United States District Court, D. Massachusetts
MEMORANDUM AND ORDER
ALLISON D. BURROUGHS U.S. DISTRICT JUDGE.
November 9, 2017, Israel Lopez Davila (“Lopez”)
filed an appeal of the final decision by the Acting
Commissioner of the Social Security Administration
(“Commissioner”) denying his application for
disability insurance benefits (“DIB”) and
supplemental security income (“SSI”) benefits.
[ECF No. 1]. Lopez claims that he is disabled as a result of
cardiomyopathy, chronic heart failure, obesity, knee
osteoarthritis, sleep apnea, anxiety and depression. [ECF No.
1 ¶ 7]. He challenged the Commissioner's denial of
benefits on five grounds: (1) that the administrative law
judge (“ALJ”) failed to give appropriate weight
to the treating source opinions; (2) that the ALJ erred in
finding that Lopez's knee pain and sleep apnea were not
severe impairments; (3) that the ALJ failed to properly
consider the effects of his obesity; (4) that the ALJ failed
to provide an adequate explanation for finding that Lopez did
not meet a listing; and (5) that the Appeals Council
committed egregious error when declining to consider new
evidence. [ECF No. 17 at 12-20].
November 6, 2018, Magistrate Judge Boal filed a Report and
Recommendation (“R&R”), in which she found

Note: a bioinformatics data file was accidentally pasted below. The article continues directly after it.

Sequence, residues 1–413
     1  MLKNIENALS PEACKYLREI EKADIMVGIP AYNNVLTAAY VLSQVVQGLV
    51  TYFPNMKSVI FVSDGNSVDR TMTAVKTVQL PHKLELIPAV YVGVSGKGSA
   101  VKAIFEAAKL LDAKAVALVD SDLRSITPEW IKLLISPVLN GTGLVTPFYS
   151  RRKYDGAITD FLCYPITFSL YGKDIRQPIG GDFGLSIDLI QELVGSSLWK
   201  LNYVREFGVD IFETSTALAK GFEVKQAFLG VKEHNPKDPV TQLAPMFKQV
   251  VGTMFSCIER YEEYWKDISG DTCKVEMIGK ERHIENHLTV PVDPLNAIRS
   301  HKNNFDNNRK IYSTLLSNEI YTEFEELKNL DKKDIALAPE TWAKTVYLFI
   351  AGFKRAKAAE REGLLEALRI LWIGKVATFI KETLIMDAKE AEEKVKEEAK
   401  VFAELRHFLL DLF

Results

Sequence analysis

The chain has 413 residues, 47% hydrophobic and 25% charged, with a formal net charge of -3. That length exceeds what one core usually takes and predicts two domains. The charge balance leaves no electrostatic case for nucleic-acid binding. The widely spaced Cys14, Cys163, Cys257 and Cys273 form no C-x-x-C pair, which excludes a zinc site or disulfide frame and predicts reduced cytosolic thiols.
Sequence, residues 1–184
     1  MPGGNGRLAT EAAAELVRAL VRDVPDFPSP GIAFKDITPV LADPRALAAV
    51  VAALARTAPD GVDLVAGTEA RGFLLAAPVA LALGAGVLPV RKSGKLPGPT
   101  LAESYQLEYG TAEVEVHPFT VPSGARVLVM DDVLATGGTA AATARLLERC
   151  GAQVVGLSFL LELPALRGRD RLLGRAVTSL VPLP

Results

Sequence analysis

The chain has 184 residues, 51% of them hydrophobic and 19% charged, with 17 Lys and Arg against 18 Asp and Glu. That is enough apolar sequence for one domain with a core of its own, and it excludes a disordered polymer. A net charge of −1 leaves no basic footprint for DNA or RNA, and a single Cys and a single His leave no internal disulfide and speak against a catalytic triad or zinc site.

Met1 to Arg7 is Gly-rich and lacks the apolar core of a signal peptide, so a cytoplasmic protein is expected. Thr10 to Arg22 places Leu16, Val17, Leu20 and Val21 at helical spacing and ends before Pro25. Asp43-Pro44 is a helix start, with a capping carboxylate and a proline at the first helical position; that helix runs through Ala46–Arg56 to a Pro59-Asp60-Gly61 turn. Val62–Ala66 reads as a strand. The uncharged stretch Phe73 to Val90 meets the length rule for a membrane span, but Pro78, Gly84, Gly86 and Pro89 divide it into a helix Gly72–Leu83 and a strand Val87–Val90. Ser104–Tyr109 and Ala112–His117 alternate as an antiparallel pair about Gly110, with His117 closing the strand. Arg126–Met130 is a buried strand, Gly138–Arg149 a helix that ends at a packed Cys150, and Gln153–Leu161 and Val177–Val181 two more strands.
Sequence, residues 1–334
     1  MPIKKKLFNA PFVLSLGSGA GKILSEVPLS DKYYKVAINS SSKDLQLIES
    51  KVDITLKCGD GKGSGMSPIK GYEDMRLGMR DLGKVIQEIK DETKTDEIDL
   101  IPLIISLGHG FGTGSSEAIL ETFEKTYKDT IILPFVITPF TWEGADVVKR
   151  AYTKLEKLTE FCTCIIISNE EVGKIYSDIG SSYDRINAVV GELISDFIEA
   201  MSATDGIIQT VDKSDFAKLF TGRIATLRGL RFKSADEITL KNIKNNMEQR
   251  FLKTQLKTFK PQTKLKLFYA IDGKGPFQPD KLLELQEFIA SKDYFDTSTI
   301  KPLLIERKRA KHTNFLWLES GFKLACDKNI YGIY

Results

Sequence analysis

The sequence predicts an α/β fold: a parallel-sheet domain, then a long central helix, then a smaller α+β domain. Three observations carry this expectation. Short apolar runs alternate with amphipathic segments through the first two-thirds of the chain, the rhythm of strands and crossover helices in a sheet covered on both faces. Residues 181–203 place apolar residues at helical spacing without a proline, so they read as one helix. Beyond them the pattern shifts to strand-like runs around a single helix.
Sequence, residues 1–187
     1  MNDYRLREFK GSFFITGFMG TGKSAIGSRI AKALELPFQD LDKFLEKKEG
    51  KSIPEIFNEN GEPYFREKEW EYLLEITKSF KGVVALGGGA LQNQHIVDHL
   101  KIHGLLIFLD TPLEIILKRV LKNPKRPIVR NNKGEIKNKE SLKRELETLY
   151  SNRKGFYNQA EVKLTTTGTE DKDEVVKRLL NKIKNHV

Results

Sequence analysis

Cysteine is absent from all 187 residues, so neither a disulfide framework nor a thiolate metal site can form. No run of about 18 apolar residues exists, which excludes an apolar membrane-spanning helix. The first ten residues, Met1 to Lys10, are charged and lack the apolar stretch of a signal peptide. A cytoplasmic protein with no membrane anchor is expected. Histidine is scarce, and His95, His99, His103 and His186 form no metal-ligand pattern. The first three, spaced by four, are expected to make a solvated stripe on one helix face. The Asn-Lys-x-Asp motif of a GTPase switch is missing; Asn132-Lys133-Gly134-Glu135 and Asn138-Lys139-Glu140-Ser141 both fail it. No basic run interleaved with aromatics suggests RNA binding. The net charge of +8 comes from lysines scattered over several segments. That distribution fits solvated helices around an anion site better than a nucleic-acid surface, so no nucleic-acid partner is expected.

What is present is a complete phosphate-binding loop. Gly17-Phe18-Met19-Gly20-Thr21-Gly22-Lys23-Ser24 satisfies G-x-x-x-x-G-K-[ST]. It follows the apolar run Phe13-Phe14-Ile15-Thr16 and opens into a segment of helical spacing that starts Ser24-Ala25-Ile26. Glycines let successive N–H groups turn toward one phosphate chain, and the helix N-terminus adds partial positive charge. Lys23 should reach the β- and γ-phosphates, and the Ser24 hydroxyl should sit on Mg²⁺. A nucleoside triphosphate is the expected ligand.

that the ALJ erred in finding that Lopez's cardiac
condition was not a listed impairment because some of the
evidence indicated that Lopez may have met a listed
impairment for chronic heart failure and the ALJ did not
explain his conclusion that the listing was not met. [ECF No.
28 at 26-30]. In light of that finding, she recommended that
the Court grant Lopez's motion for an order reversing the
Commissioner, deny the Commissioner's motion to affirm,
and remand the case pursuant to 42 U.S.C. § 405(g) for
further findings and/or proceedings. [ECF No. 28 at 33-34].
Judge Boal rejected Lopez's four other grounds for
November 20, 2018, Lopez filed an objection to Judge
Boal's conclusions that there was no error in the weight
that the ALJ gave the treating source opinions and that the
ALJ adequately supported his conclusion that Lopez's
osteoarthritis was not a severe impairment. Lopez has not
specifically challenged the R&R's summary of the
evidence, which the Court has reviewed and concludes is
accurate. [ECF No. 29]. The Court presumes familiarity with
the evidence and will forgo summarizing it anew here. The
Court is required to make a de novo determination as
to those portions of the R&R to which Lopez has objected
and may “accept, reject, or modify, in whole or in
part, the findings or recommendations made by the magistrate
judge.” 28 U.S.C. § 636(b)(1); see Fed.
R. Civ. 72(b)(3). The Court adopts the R&R to the extent
that neither party has objected to it, and, following de
novo review, accepts the conclusions to which Lopez
objects for the reasons explained below.
The ALJ Did Not Err in Giving Treating Source Opinions Little
challenges the ALJ's decision to give the opinions of two
of his treating physicians, Dr. Kumar and Dr. Quintero,
little weight. The ALJ found:
Dr. Kumar, in May 2016, indicated the claimant could
lift/carry less than ten pounds. He could stand and/or walk
for less than two hours in an eight-hour day.
He could sit for less than about six hours in an eight-hour
day. The claimant was limited in the use of his upper
extremities with pushing and pulling. Dr. Kumar stated that